Among the objects found in the excavated temple were small

Question

Among the objects found in the excavated temple were small terra-cotta effigies left by supplicants who were either asking the goddess Bona Dea's aid in healing physical and mental ills or thanking her for such help.

Option A
Option B
Option C
Option D
Option E

(This question is from Official Guide. Therefore, because of copyrights, the complete question cannot be copied here. The question can be accessed at GMAT Club)

Solution

Sentence Analysis

The first thing to notice with this sentence is that the sentence is in the inverted structure. “Among the objects” is not acting as the subject of the sentence; rather, it is a prepositional phrase, and thus cannot act as the subject, even if it wants to!

Then, what is the subject? To identify that, you need to first identify the verb, and then ask “what/who is performing this verb?”.

As you read the sentence, you can figure out that “were” is the verb. So, somethings ‘were’ among the objects found in the excavated temple. What are those ‘somethings’? Those are small terra-cotta effigies left by supplicants. Therefore, these ‘small terra-cotta effigies’ constitute the subject.

In this sentence, you might think that you don’t need to do all this analysis since this is the non-underlined part. However, I may not completely agree with you. You should almost always try to understand the meaning of the sentence. While understanding the meaning, you may not perform the subject-verb analysis on the non-underlined part. However, I, being a teacher, thought it wise to explain the inverted structure J

Coming back to the sentence. The sentence then provides a relative clause to provide additional information about the supplicants.

  • who were either asking the goddess Bona Dea's aid in healing physical and mental ills or thanking her for such help.

We see that these supplicants were doing either of the two things:

  1. asking the goddess Bona Dea’s aid in healing some ills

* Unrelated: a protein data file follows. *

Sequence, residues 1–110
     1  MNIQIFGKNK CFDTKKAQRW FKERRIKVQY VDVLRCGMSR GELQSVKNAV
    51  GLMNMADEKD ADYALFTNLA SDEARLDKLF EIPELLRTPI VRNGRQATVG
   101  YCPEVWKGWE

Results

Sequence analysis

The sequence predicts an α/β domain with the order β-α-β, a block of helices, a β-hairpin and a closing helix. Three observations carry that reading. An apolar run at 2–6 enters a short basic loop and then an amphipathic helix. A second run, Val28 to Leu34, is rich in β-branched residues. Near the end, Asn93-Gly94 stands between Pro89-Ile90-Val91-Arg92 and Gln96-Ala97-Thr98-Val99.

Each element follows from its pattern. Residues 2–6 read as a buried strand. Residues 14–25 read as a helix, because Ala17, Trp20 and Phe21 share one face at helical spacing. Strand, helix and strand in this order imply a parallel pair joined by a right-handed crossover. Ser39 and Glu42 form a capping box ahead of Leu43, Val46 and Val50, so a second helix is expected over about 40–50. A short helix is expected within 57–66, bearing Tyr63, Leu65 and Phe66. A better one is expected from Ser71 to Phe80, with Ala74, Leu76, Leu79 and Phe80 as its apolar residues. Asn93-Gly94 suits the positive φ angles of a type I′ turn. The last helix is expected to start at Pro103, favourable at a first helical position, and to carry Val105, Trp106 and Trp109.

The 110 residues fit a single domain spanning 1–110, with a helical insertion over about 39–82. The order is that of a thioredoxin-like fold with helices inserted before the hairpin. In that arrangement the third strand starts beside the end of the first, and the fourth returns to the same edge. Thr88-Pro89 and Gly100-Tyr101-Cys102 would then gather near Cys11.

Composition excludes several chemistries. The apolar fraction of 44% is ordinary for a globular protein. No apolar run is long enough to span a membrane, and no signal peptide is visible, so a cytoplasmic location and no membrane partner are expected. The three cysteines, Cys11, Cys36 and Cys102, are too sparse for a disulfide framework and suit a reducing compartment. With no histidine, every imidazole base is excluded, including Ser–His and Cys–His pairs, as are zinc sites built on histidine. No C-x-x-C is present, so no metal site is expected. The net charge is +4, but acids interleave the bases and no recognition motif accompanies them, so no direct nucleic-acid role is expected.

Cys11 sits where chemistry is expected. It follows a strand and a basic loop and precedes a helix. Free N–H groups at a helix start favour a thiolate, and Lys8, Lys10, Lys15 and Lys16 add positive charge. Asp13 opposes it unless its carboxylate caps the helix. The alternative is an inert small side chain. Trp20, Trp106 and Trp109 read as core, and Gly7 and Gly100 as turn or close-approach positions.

2. thanking her for such help.

We see that both the elements in the “either...or” structure are parallel – both are part of the continuous verb “were asking” and “were thanking”.

Therefore, the original sentence has no error.

Option Analysis

(A) Correct.

(B) Incorrect. For the following reasons:

  1. “either” is followed by “and”. “either” must always be followed by “or” and never by “and”.
  2. “to thank” is not parallel to “asking”.

(C) Incorrect. “either” is followed by “and” – Same error as in option B.

(D) Incorrect. For the following reasons:

  1. “aid to heal” is idiomatically incorrect. When we want to talk about the reason for which aid is given, we use “aid + in + verb-ing” and not “aid + to + verb”. However, when we want to talk about the recipient of the aid, we can use “aid to”. For example: “They have given aid to the poor people”. So, you shouldn’t reject an option just on seeing “aid to”. Also, notice that in the first construction “to” is followed by a verb while in the second construction, “to” is followed by a noun (i.e. the recipient of the aid).
  2. “to thank” is not parallel to “asking”.

(E) Incorrect. “aid to heal” is incorrect as explained in option D.

About Chiranjeev Singh

An Alumnus of IIM Ahmedabad and with a score of 780 (2017) and 770 (2013) on GMAT and 99.98%ile on CAT, Chiranjeev is one of the most qualified GMAT tutors in India. Chiranjeev has earlier served as Director of Curriculum at e-GMAT. Chiranjeev has been helping students ace GMAT since 2012. He follows a concept-based methodology to teaching GMAT and is very committed to student success. You may contact him for any private GMAT tutoring needs at +91 9971 0010 67 or CJ@GMATwithCJ.com. He conducts online sessions for students across the world.

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